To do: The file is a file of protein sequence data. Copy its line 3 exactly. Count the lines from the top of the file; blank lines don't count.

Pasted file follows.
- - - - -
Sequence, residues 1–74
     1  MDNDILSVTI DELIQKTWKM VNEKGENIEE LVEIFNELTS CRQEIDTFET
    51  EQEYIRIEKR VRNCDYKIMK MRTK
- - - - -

    51  EQEYIRIEKR VRNCDYKIMK MRTK